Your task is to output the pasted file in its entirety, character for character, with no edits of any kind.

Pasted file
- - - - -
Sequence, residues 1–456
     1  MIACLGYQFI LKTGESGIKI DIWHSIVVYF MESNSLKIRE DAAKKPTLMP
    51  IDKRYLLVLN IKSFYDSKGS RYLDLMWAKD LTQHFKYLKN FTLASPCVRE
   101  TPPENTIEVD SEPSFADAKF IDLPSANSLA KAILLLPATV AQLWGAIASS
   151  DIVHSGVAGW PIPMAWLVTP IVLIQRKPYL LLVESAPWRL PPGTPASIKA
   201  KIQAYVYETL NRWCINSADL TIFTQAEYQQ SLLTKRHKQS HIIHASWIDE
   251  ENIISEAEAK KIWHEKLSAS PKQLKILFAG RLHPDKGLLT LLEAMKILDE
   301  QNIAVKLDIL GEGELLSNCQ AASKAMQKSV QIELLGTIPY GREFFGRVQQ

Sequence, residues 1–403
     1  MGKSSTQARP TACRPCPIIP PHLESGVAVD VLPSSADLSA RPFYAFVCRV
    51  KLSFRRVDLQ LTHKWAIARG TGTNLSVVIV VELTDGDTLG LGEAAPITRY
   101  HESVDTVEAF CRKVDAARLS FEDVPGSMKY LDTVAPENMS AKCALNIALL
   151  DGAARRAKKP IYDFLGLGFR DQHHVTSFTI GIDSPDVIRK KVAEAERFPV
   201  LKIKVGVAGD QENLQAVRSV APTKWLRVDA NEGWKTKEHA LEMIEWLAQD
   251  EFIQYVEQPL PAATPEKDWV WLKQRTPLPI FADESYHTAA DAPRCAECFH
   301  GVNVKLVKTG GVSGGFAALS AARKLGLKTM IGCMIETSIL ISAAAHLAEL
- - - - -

Sequence, residues 1–456
     1  MIACLGYQFI LKTGESGIKI DIWHSIVVYF MESNSLKIRE DAAKKPTLMP
    51  IDKRYLLVLN IKSFYDSKGS RYLDLMWAKD LTQHFKYLKN FTLASPCVRE
   101  TPPENTIEVD SEPSFADAKF IDLPSANSLA KAILLLPATV AQLWGAIASS
   151  DIVHSGVAGW PIPMAWLVTP IVLIQRKPYL LLVESAPWRL PPGTPASIKA
   201  KIQAYVYETL NRWCINSADL TIFTQAEYQQ SLLTKRHKQS HIIHASWIDE
   251  ENIISEAEAK KIWHEKLSAS PKQLKILFAG RLHPDKGLLT LLEAMKILDE
   301  QNIAVKLDIL GEGELLSNCQ AASKAMQKSV QIELLGTIPY GREFFGRVQQ

Sequence, residues 1–403
     1  MGKSSTQARP TACRPCPIIP PHLESGVAVD VLPSSADLSA RPFYAFVCRV
    51  KLSFRRVDLQ LTHKWAIARG TGTNLSVVIV VELTDGDTLG LGEAAPITRY
   101  HESVDTVEAF CRKVDAARLS FEDVPGSMKY LDTVAPENMS AKCALNIALL
   151  DGAARRAKKP IYDFLGLGFR DQHHVTSFTI GIDSPDVIRK KVAEAERFPV
   201  LKIKVGVAGD QENLQAVRSV APTKWLRVDA NEGWKTKEHA LEMIEWLAQD
   251  EFIQYVEQPL PAATPEKDWV WLKQRTPLPI FADESYHTAA DAPRCAECFH
   301  GVNVKLVKTG GVSGGFAALS AARKLGLKTM IGCMIETSIL ISAAAHLAEL